I whipped up this moringa face mask the day after returning from Philadelphia, where I met with my publisher and we took some pretty photos for my upcoming book (!). After many hours spent on airplanes and in airports, jumping from dry to humid to dry again, and days of wearing a whole lotta makeup, I was craving some serious clay cleansing. This is what I came up with.
The ingredients are simple enough. I started with a simple mix of gentle white white kaolin clay (USA / Canada) and water, and to that I added some raw honey and some moringa leaf powder. These four ingredients came together to make a lovely light green paste that left my complexion refreshed and brighter. Bye bye, plane scum!
I chose a raw honey I brought back from Costa Rica. It’s a ruddy dark brown colour and quite thin for honey. I purchased it at a wee farmers market and the lady who sold it to me explained in a combination of English and Spanish that the bees harvested the pollen from a special plant in the rain forest to make this dark, medicinal honey. She told me it was the sort of thing kids would be given when they were sick as a sort of cough syrup, so I thought it would be fantastic to add a healing boost to my mask. I’m assuming most of you don’t have this rather odd honey at home, but any raw honey will work as well.
Up next, moringa powder. Moringa is something else I first heard about in Costa Rica, from a Canadian ex-pat who spoke of it with infomercial like excitement. My interest was piqued, so when I saw a bag of moringa leaf powder at Marshall’s a couple weeks ago I took a closer look at the nutritional profile and was pretty impressed. A single tablespoon of the stuff contains a whopping 60% of your daily recommended iron intake! It’s also rich in antioxidants and vitamins A, B2, B6, C. It’s being investigated as a way to help end malnutrition in subtropical areas, which is super cool. Further research taught me that moringa has been used in Ayurvedic medicine for thousands of years for healing. Cool! Definitely a good addition to both face masks and smoothies. It’s got a pretty distinct “green” flavour, similar to that of spirulina or alfalfa, which isn’t relevant for the mask (hopefully!), but good to know if you’re buying a bag to use as a dietary supplement as well.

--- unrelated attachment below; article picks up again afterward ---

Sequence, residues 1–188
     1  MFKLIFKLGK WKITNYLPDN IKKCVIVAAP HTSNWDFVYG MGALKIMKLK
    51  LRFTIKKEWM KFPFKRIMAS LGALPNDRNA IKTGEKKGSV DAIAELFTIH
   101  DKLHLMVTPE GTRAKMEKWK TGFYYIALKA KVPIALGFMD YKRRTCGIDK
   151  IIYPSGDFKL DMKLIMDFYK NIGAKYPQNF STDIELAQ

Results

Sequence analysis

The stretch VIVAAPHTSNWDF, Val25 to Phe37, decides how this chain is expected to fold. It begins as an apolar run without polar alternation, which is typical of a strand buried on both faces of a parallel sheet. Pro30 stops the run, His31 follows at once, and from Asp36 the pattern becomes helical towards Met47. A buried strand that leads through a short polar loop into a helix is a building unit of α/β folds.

I got my moringa powder from Marshall’s for about $8, but I realize that’s not a very reliable shopping option. I also found it all over Amazon, with loads of different purchasing options. You might want to check out the bulk section at your local health food shop, too, so you don’t have to commit to a big bag of the stuff straight away. The plant you’re looking for is Moringa oleifera, and you want powder made from the leaf.
Moringa Face Mask
Measure the water out into a wee dish and whisk in the honey and moringa leaf powder until you’ve got a uniform green mixture. Add the clay one teaspoon at a time, until you have a thick, creamy paste. The amount of clay you’ll need might vary, so don’t worry if you need a bit more or a bit less.
Spread the mask over your face and let it dry for about twenty minutes before rinsing off. Follow up with your favourite oil serum and enjoy!
If you don’t have white white kaolin clay (USA / Canada) you can use other light, smooth clays instead. Any of the French clays would be a good choice, as would zeolite, any other colour of white kaolin clay (USA / Canada), and the paler Australian clays. I do not recommend bentonite or rhassoul for this mask.
This makes enough for one face mask.